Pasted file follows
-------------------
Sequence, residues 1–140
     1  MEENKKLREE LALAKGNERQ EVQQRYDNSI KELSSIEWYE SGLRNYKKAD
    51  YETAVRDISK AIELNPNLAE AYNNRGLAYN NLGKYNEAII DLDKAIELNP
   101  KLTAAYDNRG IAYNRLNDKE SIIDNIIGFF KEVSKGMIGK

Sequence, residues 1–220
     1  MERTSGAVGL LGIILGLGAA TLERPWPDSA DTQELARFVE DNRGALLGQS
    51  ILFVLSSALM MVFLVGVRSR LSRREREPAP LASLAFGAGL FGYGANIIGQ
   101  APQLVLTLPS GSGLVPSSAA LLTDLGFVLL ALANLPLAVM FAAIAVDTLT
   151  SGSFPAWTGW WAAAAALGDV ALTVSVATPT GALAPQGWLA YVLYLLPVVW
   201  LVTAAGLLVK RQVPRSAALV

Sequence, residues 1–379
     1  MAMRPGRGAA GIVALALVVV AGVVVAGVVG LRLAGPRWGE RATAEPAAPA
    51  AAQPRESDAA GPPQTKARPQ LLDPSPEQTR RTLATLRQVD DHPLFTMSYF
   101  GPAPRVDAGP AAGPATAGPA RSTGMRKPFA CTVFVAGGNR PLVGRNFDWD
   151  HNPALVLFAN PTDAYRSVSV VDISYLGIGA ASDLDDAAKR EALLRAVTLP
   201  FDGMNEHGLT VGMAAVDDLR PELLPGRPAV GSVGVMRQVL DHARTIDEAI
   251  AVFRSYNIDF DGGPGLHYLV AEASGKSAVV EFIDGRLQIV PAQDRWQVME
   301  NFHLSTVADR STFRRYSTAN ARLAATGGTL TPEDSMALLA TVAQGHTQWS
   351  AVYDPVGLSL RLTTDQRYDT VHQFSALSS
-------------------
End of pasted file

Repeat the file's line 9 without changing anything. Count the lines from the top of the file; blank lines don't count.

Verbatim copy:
   151  SGSFPAWTGW WAAAAALGDV ALTVSVATPT GALAPQGWLA YVLYLLPVVW